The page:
Discussion in 'Tango Argentino' started by oldtangoguy, Nov 6, 2016.
Ack! Daring to post such SPOILERS? That leaves me breathless!
oldtangoguy, you posed a good question. The lyrics (if you know them) can inform your dancing interpretation of the song to some degree, or help you understand the music better. I offer my students musical studies with lyrics to help them understand the mood of the piece.
BUT... 1. Unless you understand Spanish, you can't possibly be influenced by the lyrics. 2. You need to know ALL the verses ahead of time to get the poetry. 3. As you pointed out, some happy sounding songs have sad lyrics. (although this opposition is sometimes counterpoint).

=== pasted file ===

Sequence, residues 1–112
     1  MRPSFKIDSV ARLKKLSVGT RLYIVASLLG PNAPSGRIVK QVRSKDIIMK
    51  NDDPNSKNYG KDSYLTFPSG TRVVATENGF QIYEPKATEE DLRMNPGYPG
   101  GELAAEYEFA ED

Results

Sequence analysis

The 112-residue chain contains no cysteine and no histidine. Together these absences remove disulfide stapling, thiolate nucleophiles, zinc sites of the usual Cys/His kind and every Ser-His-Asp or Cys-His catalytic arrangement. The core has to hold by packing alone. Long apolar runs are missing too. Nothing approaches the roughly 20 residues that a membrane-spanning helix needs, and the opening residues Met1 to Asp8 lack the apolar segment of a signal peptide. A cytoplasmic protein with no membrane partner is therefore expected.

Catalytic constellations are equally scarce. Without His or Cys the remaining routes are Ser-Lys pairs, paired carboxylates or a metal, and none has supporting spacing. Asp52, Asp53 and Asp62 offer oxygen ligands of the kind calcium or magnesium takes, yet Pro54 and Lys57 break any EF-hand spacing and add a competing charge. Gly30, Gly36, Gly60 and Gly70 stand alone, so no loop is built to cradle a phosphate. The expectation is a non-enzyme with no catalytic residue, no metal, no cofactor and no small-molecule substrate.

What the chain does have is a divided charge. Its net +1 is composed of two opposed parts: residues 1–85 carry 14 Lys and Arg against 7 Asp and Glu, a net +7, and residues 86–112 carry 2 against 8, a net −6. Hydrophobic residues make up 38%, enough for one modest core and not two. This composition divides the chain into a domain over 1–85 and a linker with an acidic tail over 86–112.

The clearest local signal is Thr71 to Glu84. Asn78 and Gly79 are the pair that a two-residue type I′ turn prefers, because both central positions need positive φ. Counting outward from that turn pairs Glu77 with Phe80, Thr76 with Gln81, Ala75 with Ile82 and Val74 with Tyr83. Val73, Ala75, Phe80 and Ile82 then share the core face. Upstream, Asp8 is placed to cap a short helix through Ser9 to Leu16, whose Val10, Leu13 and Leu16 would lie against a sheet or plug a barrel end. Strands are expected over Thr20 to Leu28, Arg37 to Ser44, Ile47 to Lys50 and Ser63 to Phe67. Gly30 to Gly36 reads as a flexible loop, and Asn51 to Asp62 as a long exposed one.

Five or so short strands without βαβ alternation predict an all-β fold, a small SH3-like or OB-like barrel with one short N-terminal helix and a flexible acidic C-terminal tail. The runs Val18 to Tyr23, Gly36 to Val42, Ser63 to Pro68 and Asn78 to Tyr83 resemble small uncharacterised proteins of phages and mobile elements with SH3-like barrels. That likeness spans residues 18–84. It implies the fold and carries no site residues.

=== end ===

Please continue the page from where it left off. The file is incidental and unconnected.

I pose that it is best to dance the energy of the music and the tone of the singers voice as you hear it. This approach allows better improvisation, responds to the changing emotions, and is easier for the average dancer.
PS, one song that I like with changing moods is Esquinas Porteñas. The stanzas instrumentally reflect the happiness that once was, contrasted by the sadness in the refrain. The contrasting lyrics are not in exact time synchronization with the music´s contrast pattern, but poetically matches.
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